The Rector's Blog
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August 9, 2018, 9:22 AM

Transfiguration


Transfiguration

"In those moments when God’s glory shines in the face of another, we see them as they truly are and always have been, with unveiled faces, the beloved of God being changed from one degree of glory to another. And the same is true for us. For the transfiguration is not an idea. It is not a story. It is not a fable. It is a lived reality."

~ Br. James Koester, Society of Saint John the Evangelist

At a recent workshop on trauma and resilience, we were invited to sit down with someone we did not know, and spend just two minutes looking them in the eye.  It was an interesting two minutes – minutes of embarrassment for some, giggles for others, and a spark of delight for still others.  I remembered Jesus told the disciples that whatever they did for the “least of these” they did for him, so I went into the exercise looking for the presence of the sacred, and I don’t know if I found it or not, but as we proceeded from one exercise to another, I found a person with whom I could share some of my own deepest fears and hopes, a person who would listen and not judge, and I did my best to respond in kind. 

Now, of course, this workshop was intended for people in the helping professions, primarily mental health workers, but still.  It does raise the question, the opportunity, even the hope, of finding such people all around us.  When the focus is not on me but on you, then openness is not just risky, but necessary and liberating.

Would that we could experience such moments with all those with whom we come in contact.  One on one, human being to human being, open heart to open heart.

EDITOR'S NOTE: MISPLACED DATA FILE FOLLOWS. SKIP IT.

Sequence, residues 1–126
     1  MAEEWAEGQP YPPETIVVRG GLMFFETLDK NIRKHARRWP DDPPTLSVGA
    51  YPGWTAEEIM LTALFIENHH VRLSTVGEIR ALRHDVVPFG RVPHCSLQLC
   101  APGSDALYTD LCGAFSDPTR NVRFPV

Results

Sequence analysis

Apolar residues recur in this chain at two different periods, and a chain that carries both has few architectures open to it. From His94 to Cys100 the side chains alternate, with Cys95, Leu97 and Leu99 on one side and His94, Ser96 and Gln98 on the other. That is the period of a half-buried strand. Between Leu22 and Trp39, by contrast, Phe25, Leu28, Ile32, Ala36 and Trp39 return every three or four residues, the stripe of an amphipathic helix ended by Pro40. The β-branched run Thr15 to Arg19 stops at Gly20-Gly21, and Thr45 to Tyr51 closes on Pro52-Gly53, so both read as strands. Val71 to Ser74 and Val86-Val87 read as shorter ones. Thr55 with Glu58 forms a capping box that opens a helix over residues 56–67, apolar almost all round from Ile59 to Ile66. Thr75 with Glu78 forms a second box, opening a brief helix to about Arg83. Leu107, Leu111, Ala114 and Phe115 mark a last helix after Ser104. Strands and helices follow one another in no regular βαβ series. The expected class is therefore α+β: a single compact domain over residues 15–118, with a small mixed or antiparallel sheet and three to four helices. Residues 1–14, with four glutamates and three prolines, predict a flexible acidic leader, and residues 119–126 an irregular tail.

I am of the opinion that the only way we can re-create a health-giving society is through relationship.  We know that God has risked all to be in relationship with us; we know that our lives are frequently transformed through relationships with others – if we are fortunate – for the better.  We know the power of friendship when things are hard; we know the joy of friendship when we are celebrating; we are who we are as much if not more because of our relationships to God and other people than how we perceive ourselves internally.  Social groups define themselves not just by who they are, but by who they are not … on and on we can see these truths.

Jesus invites us to be in relationship with God; and then to share the gifts that God gives us in our relationships with others.  Don’t hold on to your love, share it.  Don’t hold on to your talents, share them. Don’t hold on to your treasures, share them.

It’s risky, loving people.  We know that.  We might be hurt, injured, even killed, just because we choose trust instead of distrust.

And I don’t think God means for us to forget who we are, as beloved of God, in any of that.  If you’re in a violent relationship, do all you can to get out.  If you’re the target of racial hatred or other forms of bullying and bigotry, protect yourself.  Seek help.  Not everyone is called to enter places of danger; some are called to help others get out.  And still others are called to help heal the wounds that we bear from trauma.

Not everyone whose eyes you meet will be able to meet yours in the same way.  Some are too afraid, too wounded, too angry, too lost, too confused, too conflicted, to be vulnerable in turn.  Pray for them.  Weep for them.  Remember they are God’s children, too. 

Blessings to all!                            Evelyn+


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